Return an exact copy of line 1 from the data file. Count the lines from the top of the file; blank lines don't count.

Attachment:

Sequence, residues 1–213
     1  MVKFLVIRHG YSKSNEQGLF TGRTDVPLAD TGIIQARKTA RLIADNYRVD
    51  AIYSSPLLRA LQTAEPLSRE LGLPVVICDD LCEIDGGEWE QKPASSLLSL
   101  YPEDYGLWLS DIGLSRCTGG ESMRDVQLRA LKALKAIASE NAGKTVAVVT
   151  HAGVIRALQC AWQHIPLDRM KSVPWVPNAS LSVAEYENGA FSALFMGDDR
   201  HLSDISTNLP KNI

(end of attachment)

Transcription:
Sequence, residues 1–213